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The Hunt For The 'Siemens 8'

Despite a federal judge's order for an update by May 1, there's no record of the DOJ filing a status report about the eight former Siemens executives and agents indicted in December last year.

The defendants -- all non-U.S. citizens living outside the United States -- were charged with conspiracy to violate the FCPA, conspiracy to commit wire fraud, conspiracy to commit money laundering, and substantive wire fraud.

Their indictment followed criticism in the media and Congress that the DOJ wasn't prosecuting individuals from big companies that resolve FCPA cases.

The defendants live in Germany, Switzerland, or Argentina. They can't be tried in the U.S. for criminal offenses unless they voluntarily appear in a U.S. court or are arrested overseas and extradited to the federal court in Manhattan where the indictment was filed.

Six of the defendants also face civil charges brought by the SEC for bribing government officials in Argentina.

In December last year, the DOJ told Judge Denise L. Cote:

Yesterday, a grand jury in this District [the Southern District of New York, Foley Square] returned the enclosed Indictment and the case was assigned to Your Honor. The defendants in this case all reside overseas and none of the defendants is currently in custody. As such, none of the defendants will be arraigned in the immediate future. The Government will keep the Court apprised of any developments regarding the defendants' extradition.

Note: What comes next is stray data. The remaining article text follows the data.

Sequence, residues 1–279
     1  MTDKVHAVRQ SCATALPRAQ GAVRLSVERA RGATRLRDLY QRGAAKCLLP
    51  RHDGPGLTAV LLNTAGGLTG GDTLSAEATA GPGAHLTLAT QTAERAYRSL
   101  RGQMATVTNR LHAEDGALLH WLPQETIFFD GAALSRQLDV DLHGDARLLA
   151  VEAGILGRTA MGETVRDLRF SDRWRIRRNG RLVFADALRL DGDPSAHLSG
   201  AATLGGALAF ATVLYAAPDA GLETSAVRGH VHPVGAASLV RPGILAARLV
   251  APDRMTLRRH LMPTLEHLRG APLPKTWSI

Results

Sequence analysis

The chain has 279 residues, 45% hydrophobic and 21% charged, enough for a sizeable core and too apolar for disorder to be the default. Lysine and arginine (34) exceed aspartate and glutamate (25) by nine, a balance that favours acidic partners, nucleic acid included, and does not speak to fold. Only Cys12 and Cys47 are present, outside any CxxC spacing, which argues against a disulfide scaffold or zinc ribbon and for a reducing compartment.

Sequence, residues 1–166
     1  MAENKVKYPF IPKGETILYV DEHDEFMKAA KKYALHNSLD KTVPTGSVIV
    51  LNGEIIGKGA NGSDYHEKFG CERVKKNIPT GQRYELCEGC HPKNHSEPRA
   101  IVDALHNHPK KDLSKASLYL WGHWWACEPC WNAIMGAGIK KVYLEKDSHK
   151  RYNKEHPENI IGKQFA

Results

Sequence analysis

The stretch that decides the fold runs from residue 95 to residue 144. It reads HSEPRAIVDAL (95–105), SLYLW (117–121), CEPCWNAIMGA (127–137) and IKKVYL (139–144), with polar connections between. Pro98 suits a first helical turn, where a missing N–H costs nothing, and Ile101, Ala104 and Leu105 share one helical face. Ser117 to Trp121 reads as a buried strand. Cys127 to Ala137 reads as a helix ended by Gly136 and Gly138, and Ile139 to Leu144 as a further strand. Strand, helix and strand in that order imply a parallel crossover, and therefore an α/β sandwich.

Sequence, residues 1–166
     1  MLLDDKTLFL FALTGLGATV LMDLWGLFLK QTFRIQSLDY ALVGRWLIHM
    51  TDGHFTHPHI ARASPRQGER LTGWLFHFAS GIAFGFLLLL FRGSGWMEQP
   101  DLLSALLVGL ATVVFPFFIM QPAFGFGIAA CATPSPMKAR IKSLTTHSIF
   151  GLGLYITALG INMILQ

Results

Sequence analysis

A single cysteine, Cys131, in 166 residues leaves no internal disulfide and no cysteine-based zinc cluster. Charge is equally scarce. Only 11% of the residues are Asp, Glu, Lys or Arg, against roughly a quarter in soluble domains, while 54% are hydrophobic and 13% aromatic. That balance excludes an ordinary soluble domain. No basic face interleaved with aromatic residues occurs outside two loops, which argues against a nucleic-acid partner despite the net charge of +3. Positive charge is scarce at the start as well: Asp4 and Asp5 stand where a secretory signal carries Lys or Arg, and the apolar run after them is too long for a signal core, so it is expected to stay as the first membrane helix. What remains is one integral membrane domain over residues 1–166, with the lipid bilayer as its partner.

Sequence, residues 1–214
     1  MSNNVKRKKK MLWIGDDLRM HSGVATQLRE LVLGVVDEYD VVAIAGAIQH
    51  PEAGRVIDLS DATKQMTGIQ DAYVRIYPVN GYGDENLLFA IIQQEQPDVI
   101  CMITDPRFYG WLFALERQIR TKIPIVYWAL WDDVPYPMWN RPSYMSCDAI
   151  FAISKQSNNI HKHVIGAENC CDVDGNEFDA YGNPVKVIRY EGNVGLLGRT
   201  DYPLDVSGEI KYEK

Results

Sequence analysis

Judge Cote then told the DOJ to file a status letter by May 1, 2012. The court's docket doesn't show any filing by the DOJ in response to the judge's order.

Siemens AG's settlement in December 2008 with the DOJ and SEC for $800 million is still the biggest FCPA case of all time. Siemens is based in Germany. Its subsidiary in Argentina was named in the 2008 enforcement action.

The defendants are Uriel Sharef, Herbert Steffen, Andres Truppel, Ulrich Bock, Eberhard Reichert, Stephan Signer, Carlos Sergi, and Miguel Czysch.

They allegedly bribed a series of Argentine government officials beginning in 1994 for ten years to win a billion dollar contract to produce national identity cards. After the contract was terminated, they paid bribes to reinstate it. They also paid further bribes to suppress evidence when the termination of the contract was being arbitrated.

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